"All things physical fade with time, while the spirit shines brighter," said Steen. "Many of us are just beginning to recognize the magnitude of Molly's spiritual presence in our lives, and in my mind this presence will live on in you for longer than you can imagine. 'Angels soar because they carry themselves so lightly': This is one of my favorites quotes, and today, it has an appropriate reference in Molly Hatcher. `Angels soar because they carry themselves so lightly.' Molly is soaring in our hearts right now because of how she negotiated her life--with high ideals, great compassion, and a gentle touch. Yes, she had her crosses to bear, just as we all do, but resolution came without a heavy hand or an indulgent attitude. She demanded little and gave much, and we, in turn, have been the beneficiaries of her brightness."

To those still coming to grips with their loss, Steen said, "In the same way Molly negotiated her life, we need to negotiate her death: with hope, with compassion, and with trust."

Molly is survived by her parents, Patricia and Albert Hatcher, of Evanston, Illinois; five sisters, Erin, Abigail, Maggie, Grace, and Emily L. Hatcher '03; a brother, Brett Hatcher; her maternal grandparents, Dorothy and Herbert Horwitz; and her paternal grandmother, Vera Hatcher. Memorial contributions may be made to the Molly Hatcher Memorial Fund, c/o Edens Bank, 3245 West Lake Avenue, Wilmette, Illinois 60091, Attention: Robert or Linda.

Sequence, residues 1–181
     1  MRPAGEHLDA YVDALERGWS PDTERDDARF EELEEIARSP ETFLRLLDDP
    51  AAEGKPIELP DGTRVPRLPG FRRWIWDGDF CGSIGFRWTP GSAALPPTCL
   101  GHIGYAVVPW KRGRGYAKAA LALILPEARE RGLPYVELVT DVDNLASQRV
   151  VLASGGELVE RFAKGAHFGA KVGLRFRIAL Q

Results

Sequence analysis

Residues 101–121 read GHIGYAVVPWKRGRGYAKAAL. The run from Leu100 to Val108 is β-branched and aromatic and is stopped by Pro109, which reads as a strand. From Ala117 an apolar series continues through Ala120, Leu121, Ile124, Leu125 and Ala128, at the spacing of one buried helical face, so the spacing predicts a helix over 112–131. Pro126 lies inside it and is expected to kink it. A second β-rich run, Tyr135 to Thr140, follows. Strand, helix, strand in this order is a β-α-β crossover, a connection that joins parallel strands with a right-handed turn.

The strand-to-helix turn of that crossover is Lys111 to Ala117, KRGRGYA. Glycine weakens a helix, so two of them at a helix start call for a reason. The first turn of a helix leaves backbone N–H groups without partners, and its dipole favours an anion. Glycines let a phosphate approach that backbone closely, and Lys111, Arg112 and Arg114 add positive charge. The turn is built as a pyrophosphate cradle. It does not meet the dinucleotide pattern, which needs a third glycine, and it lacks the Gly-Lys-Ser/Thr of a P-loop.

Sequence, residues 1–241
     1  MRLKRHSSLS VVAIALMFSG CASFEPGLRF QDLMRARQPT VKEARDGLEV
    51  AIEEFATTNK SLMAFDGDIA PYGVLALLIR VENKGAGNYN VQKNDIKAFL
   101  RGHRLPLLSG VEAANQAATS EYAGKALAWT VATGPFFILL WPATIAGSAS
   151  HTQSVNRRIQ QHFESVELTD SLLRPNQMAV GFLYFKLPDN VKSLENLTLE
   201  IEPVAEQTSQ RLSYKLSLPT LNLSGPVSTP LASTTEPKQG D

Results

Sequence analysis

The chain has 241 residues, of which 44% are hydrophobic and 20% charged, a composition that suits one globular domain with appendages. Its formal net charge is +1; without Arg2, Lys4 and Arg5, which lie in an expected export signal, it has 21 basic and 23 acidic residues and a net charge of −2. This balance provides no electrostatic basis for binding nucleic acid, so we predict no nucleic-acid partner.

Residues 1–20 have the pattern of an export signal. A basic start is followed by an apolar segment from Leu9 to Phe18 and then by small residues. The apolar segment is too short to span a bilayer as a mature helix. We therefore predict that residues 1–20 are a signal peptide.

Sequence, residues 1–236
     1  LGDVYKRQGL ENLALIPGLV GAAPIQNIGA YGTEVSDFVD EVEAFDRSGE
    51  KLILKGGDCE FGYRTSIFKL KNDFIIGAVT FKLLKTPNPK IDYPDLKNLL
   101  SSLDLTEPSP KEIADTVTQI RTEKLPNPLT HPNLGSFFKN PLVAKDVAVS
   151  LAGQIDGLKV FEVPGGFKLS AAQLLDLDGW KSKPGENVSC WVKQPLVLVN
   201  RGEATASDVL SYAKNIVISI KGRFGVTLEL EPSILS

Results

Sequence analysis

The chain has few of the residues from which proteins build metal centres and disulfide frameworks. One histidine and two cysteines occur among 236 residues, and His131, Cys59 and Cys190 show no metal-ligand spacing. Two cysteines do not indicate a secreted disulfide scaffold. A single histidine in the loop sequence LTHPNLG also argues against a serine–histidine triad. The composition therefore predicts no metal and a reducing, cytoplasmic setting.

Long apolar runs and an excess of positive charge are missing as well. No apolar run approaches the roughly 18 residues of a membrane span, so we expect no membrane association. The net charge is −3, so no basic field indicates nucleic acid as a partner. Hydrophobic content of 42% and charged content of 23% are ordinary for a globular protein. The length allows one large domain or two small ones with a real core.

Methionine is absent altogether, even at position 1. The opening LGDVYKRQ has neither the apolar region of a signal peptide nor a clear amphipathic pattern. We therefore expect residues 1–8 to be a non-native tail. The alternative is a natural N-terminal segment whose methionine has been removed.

Maurice Campbell '24 in 1995. He was ninety-three and a resident of West Salem, Illinois.

At Kenyon, Maurice was a member of the Glee Club and Choir and the Puff and Powder Club. After graduation, he worked for S.S. Kresge Company before joining the Syler and Syler Grain Elevator in Plymouth, Indiana, in the 1930s. In 1945, he bought an elevator and seed business in West Salem, which he operated until his retirement in 1981.

There are no known survivors.

Maurice E. Bell '32 on November 28, 1999, of natural causes. He was eighty-nine and a resident of State College, Pennsylvania.

A physics major who graduated summa cum laude, Maurey ran track and cross country at Kenyon. He went on to earn a Ph.D. from the Massachusetts Institute of Technology in 1937, with two years at Cambridge University as a Redfield Proctor Fellow. Maurey served with the Operations Evaluation Group in the U.S. Navy, and in 1947 was awarded the President's Certificate of Merit for Service as a civilian scientist during World War II. He began his career as a research and development engineer for Westinghouse. After the war, Maurice was appointed scientific director of the Office of Naval Research in the American Embassy in London. He then worked for Sylvania as research manager before accepting an appointment in 1956 as a professor of geophysics, director of the Earth and Mineral Sciences Experiment Station, and assistant dean for research in the College of Earth and Mineral Sciences at Pennsylvania State University. Maurice retired from there as associate dean emeritus in 1976. He held two patents on his research, one for the treatment of bearing surfaces with lubricants, and another for a brake for a rotary anode x-ray tube, and was co-holder of a third patent for a method of applying luminescent coatings.